08 Revolving Doors web


The revolving door phenomenon is a systemic issue that must be urgently addressed

Conflict of interests


An analysis of the revolving door moves of former Commissioners and Members of the European Parliament (MEPs) has once again thrown into the limelight the issue of potential conflicts of interest in political decision-making.

Whilst the revolving door phenomenon is neither new nor unique to Brussels, the latest research by Transparency International Europe has highlighted a dramatic lack of regulation in the European Parliament and serious under-regulation in the European Commission when it comes to revolving doors. The report shows that the revolving door phenomenon is a systemic issue that needs to be urgently addressed.


What is the problem with “revolving doors”?

If ex-politicians move into the private sector to work for industries that they were previously involved in regulating, this can give rise to preferential treatment, privileged access and disproportionate influence, thus undermining our democracies.


Key findings are that, at least 50% of ex- Commissioners are now working for organisations that are listed as lobbyists in the EU’s (still voluntary) Transparency Register. Roughly one third of ex-MEPs have done the same. Firms that do a lot of lobbying, like Google, have used the revolving door as a key part of their hiring strategy, with 50% of their staff having previously worked for the EU institutions.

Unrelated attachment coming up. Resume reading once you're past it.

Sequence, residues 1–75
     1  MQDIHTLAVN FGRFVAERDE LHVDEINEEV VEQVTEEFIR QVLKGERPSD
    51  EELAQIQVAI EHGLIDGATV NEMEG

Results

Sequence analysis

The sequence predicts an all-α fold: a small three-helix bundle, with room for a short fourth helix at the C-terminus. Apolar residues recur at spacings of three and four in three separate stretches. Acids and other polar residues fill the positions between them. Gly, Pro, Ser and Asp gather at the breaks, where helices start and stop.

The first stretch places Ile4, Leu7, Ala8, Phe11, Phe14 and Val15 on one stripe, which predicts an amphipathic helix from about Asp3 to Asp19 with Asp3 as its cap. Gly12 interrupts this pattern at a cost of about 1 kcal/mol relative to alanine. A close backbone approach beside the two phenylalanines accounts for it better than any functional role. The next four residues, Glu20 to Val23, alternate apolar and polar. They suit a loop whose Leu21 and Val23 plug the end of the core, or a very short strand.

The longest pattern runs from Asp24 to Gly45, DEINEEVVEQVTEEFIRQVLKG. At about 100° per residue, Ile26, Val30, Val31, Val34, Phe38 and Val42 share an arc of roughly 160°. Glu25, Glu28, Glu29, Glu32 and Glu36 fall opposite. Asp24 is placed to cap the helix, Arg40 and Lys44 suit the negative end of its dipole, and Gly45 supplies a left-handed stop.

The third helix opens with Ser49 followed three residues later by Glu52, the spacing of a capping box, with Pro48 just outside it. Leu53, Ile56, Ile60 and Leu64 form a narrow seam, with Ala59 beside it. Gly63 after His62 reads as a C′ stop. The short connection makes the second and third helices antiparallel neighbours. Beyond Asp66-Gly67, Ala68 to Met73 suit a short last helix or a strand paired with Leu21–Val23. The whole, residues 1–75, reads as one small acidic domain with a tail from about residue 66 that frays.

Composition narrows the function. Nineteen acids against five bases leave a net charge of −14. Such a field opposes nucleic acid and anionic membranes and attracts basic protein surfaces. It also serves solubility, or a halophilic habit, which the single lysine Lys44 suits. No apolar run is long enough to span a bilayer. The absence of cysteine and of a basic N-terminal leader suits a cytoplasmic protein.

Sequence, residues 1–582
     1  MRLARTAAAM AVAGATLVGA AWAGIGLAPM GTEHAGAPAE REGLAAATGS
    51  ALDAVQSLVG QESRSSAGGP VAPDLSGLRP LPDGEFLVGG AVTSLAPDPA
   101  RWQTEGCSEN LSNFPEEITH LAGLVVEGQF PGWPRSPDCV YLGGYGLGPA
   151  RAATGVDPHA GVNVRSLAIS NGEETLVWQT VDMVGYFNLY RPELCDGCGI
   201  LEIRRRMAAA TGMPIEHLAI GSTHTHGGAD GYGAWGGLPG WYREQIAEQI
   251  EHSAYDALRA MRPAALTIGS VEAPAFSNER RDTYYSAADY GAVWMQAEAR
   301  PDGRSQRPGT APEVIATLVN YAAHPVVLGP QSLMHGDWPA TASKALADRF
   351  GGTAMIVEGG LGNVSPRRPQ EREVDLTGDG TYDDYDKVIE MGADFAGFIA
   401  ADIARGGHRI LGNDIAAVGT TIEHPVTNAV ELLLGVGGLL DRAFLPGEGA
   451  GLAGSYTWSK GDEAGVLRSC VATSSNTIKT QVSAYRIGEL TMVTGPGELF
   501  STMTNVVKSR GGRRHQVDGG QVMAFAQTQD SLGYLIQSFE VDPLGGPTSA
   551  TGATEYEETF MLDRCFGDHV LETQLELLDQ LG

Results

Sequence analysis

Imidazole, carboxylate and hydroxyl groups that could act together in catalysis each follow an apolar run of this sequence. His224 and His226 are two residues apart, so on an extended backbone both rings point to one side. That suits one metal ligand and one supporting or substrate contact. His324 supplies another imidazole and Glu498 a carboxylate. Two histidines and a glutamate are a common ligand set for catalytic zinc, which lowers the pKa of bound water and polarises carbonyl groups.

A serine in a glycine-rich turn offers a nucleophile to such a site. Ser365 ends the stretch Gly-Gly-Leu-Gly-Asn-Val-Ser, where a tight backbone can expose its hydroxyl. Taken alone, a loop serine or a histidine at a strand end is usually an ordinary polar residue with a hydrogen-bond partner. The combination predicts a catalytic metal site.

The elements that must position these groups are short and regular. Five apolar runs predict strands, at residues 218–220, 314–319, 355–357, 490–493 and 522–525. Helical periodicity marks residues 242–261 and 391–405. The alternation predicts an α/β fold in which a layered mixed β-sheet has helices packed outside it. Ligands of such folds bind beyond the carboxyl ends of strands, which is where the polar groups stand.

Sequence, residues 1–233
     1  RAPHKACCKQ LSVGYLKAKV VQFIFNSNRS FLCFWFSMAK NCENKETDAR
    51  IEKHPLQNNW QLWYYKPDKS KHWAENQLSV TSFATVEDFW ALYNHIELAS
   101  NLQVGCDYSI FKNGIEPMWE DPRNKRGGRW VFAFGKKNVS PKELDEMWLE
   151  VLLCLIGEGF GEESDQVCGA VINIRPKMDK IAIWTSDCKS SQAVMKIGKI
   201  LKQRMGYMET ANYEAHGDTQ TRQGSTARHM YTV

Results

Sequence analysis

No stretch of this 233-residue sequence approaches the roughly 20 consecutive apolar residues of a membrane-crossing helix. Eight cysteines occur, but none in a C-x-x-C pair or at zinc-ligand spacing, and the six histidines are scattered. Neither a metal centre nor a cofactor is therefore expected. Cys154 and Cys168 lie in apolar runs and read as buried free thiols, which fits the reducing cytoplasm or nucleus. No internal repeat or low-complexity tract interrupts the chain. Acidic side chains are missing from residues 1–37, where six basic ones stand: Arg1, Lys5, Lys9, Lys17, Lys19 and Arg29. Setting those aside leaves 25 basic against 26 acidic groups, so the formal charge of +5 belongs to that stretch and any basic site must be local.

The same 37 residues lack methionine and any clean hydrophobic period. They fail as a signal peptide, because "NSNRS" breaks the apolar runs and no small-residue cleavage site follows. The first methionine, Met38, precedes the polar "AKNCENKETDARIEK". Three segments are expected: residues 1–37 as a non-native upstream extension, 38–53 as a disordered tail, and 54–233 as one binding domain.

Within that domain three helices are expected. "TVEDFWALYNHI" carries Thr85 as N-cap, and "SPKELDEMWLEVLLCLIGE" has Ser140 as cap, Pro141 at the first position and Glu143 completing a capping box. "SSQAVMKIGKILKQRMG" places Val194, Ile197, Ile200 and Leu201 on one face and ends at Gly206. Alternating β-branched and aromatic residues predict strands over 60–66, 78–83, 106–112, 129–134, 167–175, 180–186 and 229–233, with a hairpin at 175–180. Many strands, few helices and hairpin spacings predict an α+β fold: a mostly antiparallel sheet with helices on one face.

A missed opportunity in the European Parliament...

The bad news is that the European Parliament very recently updated its ethics rules, and MEPs completely failed to put in place any meaningful provisions on the revolving door. The Greens/EFA team pushed for cooling off period for MEPs that would last up to 2 years (basically for as long as ex-MEPs receive public funds in the form of a “transitional allowance”).

However, this proposal was so controversial for the bigger political groups that - days before the final vote - Parliament President Martin Schulz removed it from the voting list completely; so it was never voted on at all. His argument for doing so was based on the idea that the EU Parliament is incapable of regulating the private lives of MEPs after they leave office.

The only revolving door proposal that the bigger political groups actually agreed to introduce, is a new obligation for ex-MEPs to at least notify the EU Parliament if they move through the revolving door. You can read more about all of this on our Transparency and Democracy page.


...Although some hope remains for the Commission

Following the various ethical scandals involving both past and present Commissioners, Jean Claude Juncker is planning to reform the Code of Conduct for Commissioners. Although his proposals are limited and weak compared to the complete overhaul that is required of the ethics system, there is at least still an opportunity to call for more serious and stringent improvements.

Indeed, we already managed to secure some positive changes to the way the Commission’s ethics system will work from now on. See here for more: http://www.greens-efa.eu/en/article/european-parliament-adopts-new-measures-to-control-conflicts-of-interest-in-the-european-commission/

We will continue to push for improvements to the way the ethics system works in both the Parliament and the Commission. 
Read our latest briefing on the Commission’s proposals to reform its ethics rules.

And don’t hesitate to contact our transparency and democracy campaigner if you want to be involved in this campaign!


For more information about the report, visit www.transparency.eu and see www.integritywatch.eu for the full data.




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